Well, from a creative standpoint, I think it does a lot well in terms of a re-imagining these dating show tropes.

I like that everything's kind of collapsed and that it's moving quickly. I also really thought it did [a good job] of showing different kinds of people. Usually with those shows you're congregating around one core person or you've got the same type of people. I like the fact that you have a lot of different classes and kinds of people there, whether it's by race, whether it's by style, whether it's like, the cool people! The nerdy people! The interracial folks! The folks that are Black-on-Black or white-on-white folks! All of that felt like, oh gosh, everyone can watch this and see someone that they identify with.

Would love to have seen some Asian folks, some other folks in it. But overall I thought they were different types of people and I enjoyed that.

The other piece of it is this idea of, you know, what really matters? For me, I'm always interrogating culture and class, race and gender. To kind of get into something where we're really holding our feet to the fire as to what matters to us, as a core concept, was interesting. It's kind of gotten away from that as the episodes have gone on. But as an initial experiment, I thought it was interesting.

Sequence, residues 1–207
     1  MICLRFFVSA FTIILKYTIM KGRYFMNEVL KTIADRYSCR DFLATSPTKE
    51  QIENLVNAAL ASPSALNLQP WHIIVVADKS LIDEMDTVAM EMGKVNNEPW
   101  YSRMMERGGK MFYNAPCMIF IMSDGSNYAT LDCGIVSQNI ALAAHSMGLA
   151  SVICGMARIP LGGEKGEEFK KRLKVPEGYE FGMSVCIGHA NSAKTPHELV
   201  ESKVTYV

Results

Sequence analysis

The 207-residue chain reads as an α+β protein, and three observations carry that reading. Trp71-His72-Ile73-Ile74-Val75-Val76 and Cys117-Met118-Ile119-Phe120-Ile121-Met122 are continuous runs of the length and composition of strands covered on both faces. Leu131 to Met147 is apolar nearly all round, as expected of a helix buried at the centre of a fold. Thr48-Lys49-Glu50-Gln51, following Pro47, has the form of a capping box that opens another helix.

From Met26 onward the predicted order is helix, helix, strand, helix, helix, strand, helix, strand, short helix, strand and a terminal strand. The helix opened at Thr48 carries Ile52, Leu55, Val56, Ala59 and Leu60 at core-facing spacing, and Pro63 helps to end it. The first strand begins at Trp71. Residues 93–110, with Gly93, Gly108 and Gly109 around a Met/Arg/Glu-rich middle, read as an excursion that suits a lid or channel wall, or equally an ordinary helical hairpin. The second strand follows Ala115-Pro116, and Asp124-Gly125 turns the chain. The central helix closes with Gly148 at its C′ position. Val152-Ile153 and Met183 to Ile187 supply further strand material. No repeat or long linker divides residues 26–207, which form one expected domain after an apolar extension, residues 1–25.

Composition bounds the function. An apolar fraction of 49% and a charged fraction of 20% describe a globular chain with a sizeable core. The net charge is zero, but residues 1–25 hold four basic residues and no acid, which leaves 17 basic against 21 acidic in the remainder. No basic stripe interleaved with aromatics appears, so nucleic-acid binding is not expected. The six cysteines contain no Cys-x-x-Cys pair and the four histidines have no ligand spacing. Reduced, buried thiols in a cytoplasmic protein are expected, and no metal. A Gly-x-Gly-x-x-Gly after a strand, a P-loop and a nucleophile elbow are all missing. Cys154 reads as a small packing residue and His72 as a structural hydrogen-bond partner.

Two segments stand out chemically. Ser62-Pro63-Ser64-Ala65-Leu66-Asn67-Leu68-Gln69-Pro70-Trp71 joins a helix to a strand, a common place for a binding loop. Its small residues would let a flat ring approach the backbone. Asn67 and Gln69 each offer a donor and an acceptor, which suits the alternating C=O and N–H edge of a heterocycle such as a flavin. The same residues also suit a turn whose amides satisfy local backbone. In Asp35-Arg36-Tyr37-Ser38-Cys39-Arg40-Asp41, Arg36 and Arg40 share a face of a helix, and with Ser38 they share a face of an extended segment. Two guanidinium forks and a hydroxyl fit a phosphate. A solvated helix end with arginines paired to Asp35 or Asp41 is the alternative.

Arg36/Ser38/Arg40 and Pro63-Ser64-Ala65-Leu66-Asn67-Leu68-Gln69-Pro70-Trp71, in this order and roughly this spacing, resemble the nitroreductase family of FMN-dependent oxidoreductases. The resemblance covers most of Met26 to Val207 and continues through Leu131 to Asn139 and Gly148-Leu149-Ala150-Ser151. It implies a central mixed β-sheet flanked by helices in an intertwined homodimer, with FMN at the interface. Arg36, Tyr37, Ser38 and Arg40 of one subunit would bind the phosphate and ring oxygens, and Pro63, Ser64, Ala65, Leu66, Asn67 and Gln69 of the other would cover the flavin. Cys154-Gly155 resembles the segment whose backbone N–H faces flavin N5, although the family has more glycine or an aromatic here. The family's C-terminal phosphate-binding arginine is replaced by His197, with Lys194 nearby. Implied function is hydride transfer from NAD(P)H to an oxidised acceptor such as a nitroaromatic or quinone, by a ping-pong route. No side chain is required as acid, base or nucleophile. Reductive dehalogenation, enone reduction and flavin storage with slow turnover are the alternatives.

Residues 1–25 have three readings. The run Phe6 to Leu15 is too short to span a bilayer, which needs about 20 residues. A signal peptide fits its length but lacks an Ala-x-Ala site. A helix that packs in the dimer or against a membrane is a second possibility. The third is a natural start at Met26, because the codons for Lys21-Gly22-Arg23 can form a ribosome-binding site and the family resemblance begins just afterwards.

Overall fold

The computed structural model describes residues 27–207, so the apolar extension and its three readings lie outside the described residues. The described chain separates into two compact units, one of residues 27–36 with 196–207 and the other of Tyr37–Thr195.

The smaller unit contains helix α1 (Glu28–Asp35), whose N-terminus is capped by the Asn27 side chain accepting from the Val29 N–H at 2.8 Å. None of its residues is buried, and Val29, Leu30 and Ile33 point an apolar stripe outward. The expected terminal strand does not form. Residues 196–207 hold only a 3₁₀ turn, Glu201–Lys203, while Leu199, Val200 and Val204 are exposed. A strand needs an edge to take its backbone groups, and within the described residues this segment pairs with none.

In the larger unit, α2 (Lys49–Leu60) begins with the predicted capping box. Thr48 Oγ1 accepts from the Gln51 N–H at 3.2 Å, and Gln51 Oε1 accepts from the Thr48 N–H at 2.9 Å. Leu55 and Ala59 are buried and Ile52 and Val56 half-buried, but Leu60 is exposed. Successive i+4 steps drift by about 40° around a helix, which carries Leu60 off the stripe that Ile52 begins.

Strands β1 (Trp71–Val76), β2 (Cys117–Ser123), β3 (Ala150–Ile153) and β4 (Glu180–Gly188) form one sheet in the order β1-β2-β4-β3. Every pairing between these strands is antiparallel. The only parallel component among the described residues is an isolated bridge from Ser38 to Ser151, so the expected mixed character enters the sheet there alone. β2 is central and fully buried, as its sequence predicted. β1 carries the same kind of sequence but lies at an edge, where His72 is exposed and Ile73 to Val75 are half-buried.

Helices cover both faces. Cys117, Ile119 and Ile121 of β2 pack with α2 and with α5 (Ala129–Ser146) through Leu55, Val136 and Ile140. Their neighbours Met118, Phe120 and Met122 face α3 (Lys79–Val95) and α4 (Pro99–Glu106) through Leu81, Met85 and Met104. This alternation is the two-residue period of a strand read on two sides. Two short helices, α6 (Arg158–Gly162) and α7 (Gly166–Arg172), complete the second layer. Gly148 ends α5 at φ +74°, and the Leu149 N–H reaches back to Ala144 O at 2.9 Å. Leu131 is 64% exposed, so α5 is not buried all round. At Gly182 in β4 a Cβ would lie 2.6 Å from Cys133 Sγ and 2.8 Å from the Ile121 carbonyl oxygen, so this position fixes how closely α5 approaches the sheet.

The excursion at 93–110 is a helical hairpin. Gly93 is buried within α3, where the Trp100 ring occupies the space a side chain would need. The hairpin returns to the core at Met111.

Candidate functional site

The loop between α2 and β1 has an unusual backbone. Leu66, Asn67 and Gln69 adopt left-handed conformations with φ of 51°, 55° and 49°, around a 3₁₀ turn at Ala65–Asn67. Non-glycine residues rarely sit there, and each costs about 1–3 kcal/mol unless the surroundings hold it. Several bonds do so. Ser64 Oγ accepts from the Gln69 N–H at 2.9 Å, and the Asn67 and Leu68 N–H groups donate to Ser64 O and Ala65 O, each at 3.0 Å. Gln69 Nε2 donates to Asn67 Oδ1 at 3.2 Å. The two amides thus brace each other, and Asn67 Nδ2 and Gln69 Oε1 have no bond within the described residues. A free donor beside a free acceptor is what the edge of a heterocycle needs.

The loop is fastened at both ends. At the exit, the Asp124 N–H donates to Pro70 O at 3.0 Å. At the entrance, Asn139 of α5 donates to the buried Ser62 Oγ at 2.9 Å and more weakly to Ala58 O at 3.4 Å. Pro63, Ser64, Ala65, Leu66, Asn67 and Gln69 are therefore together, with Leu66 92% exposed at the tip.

And I just fell in love with Lauren and Cameron.

That's the couple that I was going to talk about. Here's the interesting thing about them. Very early on, they were the first couple to reveal themselves to each other. And they brought up throughout their relationship, the fact that Lauren said, "I've never dated a white guy." Those kinds of things.

The reason I bring that up is that, we're more likely to see a Black woman dating a white man on TV shows these days or vice versa, Black man with white woman. But I also think of like  what "This Is Us" is doing where you have a Black couple going through the experience of their marriage through the filter of their larger family.

And there are so many other elements on top of that.

There's much more about that relationship on "This Is Us," that has to do with the struggles that Randall goes through in terms of emotional wellness, but also these ideas of career and family and those kinds of things.